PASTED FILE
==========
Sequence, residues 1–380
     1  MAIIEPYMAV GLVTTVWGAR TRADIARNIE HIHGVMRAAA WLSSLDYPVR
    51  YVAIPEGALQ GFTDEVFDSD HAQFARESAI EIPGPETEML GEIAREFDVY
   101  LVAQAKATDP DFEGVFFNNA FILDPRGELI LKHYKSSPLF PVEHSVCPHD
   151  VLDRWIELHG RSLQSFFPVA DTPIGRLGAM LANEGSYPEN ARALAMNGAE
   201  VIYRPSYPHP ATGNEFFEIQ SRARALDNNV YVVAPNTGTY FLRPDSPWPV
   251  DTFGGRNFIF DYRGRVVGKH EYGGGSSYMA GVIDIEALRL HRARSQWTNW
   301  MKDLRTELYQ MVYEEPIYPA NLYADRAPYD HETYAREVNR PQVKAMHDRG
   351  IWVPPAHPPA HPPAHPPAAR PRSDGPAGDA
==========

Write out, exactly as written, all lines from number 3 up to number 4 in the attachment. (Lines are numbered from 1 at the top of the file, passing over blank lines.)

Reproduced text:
    51  YVAIPEGALQ GFTDEVFDSD HAQFARESAI EIPGPETEML GEIAREFDVY
   101  LVAQAKATDP DFEGVFFNNA FILDPRGELI LKHYKSSPLF PVEHSVCPHD